MOUNT PLEASANT — Mount Pleasant was sued this week by residents who say their civil rights were violated by the village’s plans to acquire their properties through eminent domain to make way for Foxconn Technology Group.
The Taiwanese firm plans to build a liquid-crystal-display panel manufacturing campus in Mount Pleasant, a project for which the village agreed to acquire about 2,900 acres of land, according to the lawsuit. The 12 plaintiffs allege the village violated their rights in planning to use eminent domain to take the collective 18 acres of land they own in the acquisition area.
The suit was filed Monday in federal court.
The landowners claim their properties are being taken to accommodate road and utility expansion because of Foxconn, and that these projects would not occur if it weren’t for the development. Because of that, they claim, their homes are being taken for a private purpose but that they are not receiving equal treatment as others in similar situations.
They further claim they were deprived of a “reasoned and structured decision making process” mandated by state law regarding environmental protections because of exemptions Foxconn has been granted.
Because the plaintiffs intend to remain in the area, they argue, that move could “lead to the plaintiffs living in (a) polluted and degraded area.”
Mount Pleasant offered other landowners purchase packages that compensated them seven to 10 times the fair market value of their property, the lawsuit alleges. The plaintiffs’ properties will instead be acquired through eminent domain, meaning they would receive less compensation, they argue. Using two separate methods of acquiring property created two classes of people, according to the lawsuit.
The plaintiffs argue their handling violates their rights to equal protection and due process.
“This classification has a direct bearing on the fundamental interest in private property due process and equal protection of the laws,” the lawsuit states. “The defendants have no rational basis to justify the creation of these classes. The defendants’ creation of these classes is irrational and wholly arbitrary.”
A temporary restraining order, an injunction and a judgment declaring the development agreement as unconstitutional are among the plaintiffs’ requests. They asked for a jury trial.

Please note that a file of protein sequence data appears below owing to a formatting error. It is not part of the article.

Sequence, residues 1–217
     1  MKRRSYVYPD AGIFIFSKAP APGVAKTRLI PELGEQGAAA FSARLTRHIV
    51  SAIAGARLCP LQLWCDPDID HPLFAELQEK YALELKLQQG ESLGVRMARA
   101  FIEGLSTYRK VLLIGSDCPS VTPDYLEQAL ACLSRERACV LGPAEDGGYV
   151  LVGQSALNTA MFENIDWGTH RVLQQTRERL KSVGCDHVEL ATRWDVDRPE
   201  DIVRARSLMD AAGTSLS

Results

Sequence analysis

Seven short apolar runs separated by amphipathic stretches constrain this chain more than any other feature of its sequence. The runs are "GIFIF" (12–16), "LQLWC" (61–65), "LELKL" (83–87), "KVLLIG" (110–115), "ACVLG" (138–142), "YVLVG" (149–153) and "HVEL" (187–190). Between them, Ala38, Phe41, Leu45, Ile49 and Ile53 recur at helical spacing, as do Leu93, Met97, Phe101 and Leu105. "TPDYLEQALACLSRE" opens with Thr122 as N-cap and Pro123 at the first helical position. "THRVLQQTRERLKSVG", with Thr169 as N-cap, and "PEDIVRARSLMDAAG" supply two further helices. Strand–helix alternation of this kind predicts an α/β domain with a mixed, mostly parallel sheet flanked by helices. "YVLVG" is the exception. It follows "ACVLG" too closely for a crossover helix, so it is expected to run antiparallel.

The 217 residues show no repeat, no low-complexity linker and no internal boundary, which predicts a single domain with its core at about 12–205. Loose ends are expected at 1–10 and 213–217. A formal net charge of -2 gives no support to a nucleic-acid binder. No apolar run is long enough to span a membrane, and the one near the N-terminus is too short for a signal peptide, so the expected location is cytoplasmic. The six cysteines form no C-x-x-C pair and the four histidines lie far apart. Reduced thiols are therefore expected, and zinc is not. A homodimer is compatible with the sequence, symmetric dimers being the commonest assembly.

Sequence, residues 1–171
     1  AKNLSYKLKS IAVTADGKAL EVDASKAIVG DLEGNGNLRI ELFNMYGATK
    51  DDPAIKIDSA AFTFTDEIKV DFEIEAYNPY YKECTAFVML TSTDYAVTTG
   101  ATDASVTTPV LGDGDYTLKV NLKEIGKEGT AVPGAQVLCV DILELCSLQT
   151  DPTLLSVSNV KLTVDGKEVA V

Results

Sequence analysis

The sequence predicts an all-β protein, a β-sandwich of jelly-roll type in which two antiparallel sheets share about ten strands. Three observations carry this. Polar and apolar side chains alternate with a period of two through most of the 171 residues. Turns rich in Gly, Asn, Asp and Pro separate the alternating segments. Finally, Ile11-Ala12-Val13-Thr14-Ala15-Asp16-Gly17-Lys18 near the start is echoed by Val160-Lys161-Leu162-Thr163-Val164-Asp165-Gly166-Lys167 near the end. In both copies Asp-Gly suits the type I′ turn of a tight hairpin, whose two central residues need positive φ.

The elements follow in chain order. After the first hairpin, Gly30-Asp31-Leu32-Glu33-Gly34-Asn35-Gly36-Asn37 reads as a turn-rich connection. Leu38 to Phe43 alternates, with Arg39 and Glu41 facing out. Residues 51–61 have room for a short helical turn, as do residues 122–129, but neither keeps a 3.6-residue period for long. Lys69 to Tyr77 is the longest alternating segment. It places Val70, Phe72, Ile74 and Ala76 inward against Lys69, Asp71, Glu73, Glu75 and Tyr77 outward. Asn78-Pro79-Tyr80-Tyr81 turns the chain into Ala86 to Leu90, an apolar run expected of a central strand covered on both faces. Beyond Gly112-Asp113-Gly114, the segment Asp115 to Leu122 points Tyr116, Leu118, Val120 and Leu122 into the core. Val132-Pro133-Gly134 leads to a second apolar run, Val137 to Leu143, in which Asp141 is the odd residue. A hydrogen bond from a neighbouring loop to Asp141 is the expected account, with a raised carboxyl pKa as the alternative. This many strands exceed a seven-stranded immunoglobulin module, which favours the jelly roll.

Erik Olsen of Madison-based Eminent Domain Services represents the plaintiffs, who live on Frontage Road, County Line Road (Highway KR), 90th Street and Highway H. They are: Rodney Jensen, Michael and Mary Schmidt, Roger Sturycz, Alfredo and Erlinda Ortiz, Todd and Tracey Blodgett, Joseph and Kimberly Janicek and Constance and Richard Richards.
The lawsuit names the village and its president, Dave DeGroot, as defendants. DeGroot and Village Administrator Maureen Murphy pointed The Journal Times to a statement by Mount Pleasant’s attorney, Alan Marcuvitz, of the law firm von Briesen & Roper.
“We don’t believe there is any merit to this lawsuit, and we will provide an appropriate response through the legal system,” Marcuvitz stated. “The village will continue to move forward with public infrastructure work and property acquisitions for the Foxconn project.”
RACINE COUNTY — State officials have announced a new, $1 million talent attraction campaign, using only social media, designed to persuade millennials to live and work in Wisconsin.
The campaign’s first phase will target millennials, or people ages 21-35, in the greater Chicago area and attempt to sell them on Wisconsin’s career and lifestyle advantages. It will be conducted mostly via social media including Instagram, Facebook, LinkedIn, Pandora and YouTube.
The next phase, starting in February, will aim to reach alumni of Wisconsin colleges and universities who live out of state.
This is Wisconsin’s first out-of-state talent marketing campaign, said Tricia Braun, deputy secretary of the Wisconsin Economic Development Corp.
The new campaign emerged from discussions that started about four years ago among WEDC partners, Braun said. In exploring the question of how to attract young talent to the state, they found there was a “limited perception” of what Wisconsin offered, she said.
“It’s not enough to tell people that we have jobs if they don’t also think it would be a great place to live,” said Kelly Lietz, WEDC vice president for marketing and brand strategy.
And with Foxconn Technology Group planning to build its $10 billion manufacturing campus in Mount Pleasant, Braun said, “I think Foxconn’s part of the story” and helps to create excitement about Wisconsin.
Racine County Economic Development Corp. Executive Director Jenny Trick stated: “Supporting our existing companies and recruiting new development to Racine County has been RCEDC’s mission for nearly 35 years, and our future efforts will benefit from a solution-driven talent recruitment program.”
Chicago is a ripe field for plucking millennials, WEDC and its partners believe. “Chicago’s large concentration of young people, who tend to be more mobile than other demographic groups, and its consistent out-migration patterns makes this a primary market for Wisconsin’s talent attraction efforts,” the agency states.
“After several years, there’s an appetite to move away from Chicago,” Braun said.
The social media campaign is designed to deliver messages that in Wisconsin, young professionals can have more time with family and friends, more career choices and a greater ability to have an impact, Braun said.